We like the IAB and their efforts to create standards for the wild west internet, including native advertising.
Recently, they weighed in (again) on Native Advertising and standards, vis a vis, not duping consumers. If you’ve been busy with RFP’s and pitch decks or trying to run your ad agency startup, they have a track record (see this, this, and this).
We like where they’re headed.
Admittedly, we’ve fallen for it. Walgreens did a great job on funnyordie.com with their native ads.
Comedy sites aside, there could be real ramifications for genuine news sites like New York Times, if native content confuses readers about which news is real. That said, any newspaper publisher worth their salt has known for a long time not to violate their reader’s trust. So, you’re not going to see them allowing a 60 sec video on “Breaking News in Baghdad” w/ a CPG logo tag. At least the reputable ones.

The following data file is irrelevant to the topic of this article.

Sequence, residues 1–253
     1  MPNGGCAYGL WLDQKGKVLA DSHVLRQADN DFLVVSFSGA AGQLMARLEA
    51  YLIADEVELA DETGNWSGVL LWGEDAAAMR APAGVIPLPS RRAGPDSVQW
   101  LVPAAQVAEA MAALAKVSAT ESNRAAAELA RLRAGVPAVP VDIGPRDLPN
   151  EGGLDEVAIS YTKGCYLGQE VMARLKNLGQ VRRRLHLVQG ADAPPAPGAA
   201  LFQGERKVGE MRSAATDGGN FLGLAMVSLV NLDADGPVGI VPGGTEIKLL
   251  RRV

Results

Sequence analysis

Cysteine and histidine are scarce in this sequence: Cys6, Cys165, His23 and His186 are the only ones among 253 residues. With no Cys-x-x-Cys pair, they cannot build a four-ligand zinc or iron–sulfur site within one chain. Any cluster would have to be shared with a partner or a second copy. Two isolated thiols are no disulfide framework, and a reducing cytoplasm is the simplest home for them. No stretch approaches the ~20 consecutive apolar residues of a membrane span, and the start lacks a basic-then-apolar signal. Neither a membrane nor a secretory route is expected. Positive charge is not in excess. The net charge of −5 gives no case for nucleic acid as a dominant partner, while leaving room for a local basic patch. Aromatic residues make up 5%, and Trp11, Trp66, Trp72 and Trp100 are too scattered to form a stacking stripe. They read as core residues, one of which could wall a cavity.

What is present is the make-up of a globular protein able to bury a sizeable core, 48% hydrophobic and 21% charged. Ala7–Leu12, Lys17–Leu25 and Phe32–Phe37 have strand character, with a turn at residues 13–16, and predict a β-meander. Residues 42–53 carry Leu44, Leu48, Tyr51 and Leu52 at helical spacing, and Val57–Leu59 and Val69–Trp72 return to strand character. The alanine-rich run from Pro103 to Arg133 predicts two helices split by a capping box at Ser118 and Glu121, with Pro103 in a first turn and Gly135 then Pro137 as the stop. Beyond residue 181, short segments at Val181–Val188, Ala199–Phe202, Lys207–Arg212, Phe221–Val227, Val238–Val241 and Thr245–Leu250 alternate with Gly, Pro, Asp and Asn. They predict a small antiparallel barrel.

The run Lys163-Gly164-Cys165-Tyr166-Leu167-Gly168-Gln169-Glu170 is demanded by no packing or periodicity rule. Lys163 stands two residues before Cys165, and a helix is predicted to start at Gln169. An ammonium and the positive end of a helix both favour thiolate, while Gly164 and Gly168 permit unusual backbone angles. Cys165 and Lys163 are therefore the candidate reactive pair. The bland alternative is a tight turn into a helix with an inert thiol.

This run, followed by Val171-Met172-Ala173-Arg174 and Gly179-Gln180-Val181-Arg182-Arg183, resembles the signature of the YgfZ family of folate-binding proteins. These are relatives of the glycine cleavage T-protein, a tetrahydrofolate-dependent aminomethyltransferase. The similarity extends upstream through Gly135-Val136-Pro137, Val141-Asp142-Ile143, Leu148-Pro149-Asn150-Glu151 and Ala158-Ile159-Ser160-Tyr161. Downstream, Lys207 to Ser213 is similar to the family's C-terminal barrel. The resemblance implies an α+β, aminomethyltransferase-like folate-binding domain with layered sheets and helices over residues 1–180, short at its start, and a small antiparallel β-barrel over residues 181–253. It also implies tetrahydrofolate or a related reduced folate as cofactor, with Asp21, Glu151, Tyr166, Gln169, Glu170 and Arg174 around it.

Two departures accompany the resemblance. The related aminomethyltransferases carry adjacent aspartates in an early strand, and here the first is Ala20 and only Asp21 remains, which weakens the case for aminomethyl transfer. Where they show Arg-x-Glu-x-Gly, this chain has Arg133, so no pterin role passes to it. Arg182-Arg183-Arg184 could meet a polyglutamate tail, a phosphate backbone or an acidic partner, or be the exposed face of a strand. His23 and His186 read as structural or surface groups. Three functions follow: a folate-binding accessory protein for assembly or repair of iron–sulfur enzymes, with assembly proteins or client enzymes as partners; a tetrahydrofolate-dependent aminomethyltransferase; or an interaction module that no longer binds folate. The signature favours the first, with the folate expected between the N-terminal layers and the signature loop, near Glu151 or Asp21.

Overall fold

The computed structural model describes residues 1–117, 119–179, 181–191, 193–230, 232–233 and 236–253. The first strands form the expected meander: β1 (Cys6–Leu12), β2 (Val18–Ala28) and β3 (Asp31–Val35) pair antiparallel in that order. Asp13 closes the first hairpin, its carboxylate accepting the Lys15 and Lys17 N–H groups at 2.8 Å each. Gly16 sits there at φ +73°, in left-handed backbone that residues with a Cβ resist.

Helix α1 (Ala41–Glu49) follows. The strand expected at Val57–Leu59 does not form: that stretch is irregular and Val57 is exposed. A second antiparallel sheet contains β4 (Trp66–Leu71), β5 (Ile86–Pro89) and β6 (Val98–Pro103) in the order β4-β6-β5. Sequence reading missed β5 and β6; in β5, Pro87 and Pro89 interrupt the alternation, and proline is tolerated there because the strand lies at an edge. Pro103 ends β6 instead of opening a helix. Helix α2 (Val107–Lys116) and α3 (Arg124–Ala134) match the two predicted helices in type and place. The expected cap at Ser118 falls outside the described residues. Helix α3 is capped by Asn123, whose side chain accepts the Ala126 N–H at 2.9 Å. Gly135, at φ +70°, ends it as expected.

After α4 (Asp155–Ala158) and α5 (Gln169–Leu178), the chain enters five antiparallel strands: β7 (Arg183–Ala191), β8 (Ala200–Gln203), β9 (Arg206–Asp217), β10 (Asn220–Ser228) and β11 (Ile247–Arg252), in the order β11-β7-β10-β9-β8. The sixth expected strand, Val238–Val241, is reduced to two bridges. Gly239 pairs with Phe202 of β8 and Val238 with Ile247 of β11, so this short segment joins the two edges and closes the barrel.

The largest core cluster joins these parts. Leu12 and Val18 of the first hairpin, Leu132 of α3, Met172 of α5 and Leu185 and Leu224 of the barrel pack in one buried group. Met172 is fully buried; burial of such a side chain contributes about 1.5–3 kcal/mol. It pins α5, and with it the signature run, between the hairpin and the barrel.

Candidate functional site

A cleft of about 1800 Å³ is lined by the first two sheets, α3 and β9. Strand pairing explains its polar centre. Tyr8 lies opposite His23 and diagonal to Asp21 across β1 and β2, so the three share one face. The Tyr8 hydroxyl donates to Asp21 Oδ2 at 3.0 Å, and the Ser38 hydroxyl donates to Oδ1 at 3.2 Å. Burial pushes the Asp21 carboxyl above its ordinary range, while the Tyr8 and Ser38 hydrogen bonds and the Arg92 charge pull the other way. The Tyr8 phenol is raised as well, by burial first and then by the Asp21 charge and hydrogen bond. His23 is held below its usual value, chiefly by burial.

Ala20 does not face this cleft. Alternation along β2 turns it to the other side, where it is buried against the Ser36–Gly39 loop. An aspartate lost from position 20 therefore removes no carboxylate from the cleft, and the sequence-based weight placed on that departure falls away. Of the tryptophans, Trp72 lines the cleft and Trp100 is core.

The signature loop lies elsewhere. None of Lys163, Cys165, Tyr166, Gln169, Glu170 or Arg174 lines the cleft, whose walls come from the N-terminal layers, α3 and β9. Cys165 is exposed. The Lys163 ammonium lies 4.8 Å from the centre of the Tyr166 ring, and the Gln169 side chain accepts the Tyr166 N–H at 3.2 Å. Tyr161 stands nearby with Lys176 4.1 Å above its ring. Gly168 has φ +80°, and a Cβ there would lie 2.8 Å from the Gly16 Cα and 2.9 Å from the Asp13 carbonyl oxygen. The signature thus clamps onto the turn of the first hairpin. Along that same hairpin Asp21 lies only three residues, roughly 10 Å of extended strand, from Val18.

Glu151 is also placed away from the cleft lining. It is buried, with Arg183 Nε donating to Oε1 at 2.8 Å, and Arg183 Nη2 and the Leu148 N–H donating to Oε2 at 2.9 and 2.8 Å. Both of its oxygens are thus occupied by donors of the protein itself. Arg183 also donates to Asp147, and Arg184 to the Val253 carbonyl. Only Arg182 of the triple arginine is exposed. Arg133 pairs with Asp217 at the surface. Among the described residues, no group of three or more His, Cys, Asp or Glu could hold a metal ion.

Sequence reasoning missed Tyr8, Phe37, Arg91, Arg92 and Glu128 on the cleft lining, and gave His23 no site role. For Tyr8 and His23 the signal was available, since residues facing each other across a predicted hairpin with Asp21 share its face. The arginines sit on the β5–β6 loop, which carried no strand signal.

Here are some broad takeaways:
- If it captures attention it has potential for being an ad. It could be a deeply integrated brand play or it may just have a logo slapped onto the end.
- You can’t draw a clean line in this sand.
- Red Bull: Are those ads or content? In the end, it’s an ad because Red Bull sells go-go juice. I guess if the editor of the NYT was base jumping from an elephant on top of the Empire State Building, then maybe that crosses a line. It would still be entertaining, though. But wait, if it’s an ad for the NYT and not a news story, then it’d be okay, right? Confusing.
- How are you ever going to contain the Dos Equis “Most Interesting Man” ? We know it’s fiction, but it’s so good, we’re hoping it’s at least a little bit real.
- Sometimes people get fooled. There is free will, after all. And then there’s the buyer-beware tactic. Be smart, people. Be smart.
We say, have a clean message about who you are and what you’re selling. Do it quickly with punch. Respect your potential customers. Put that message in a medium that will reach your targets effectively. Repeat.
Good luck in 2016.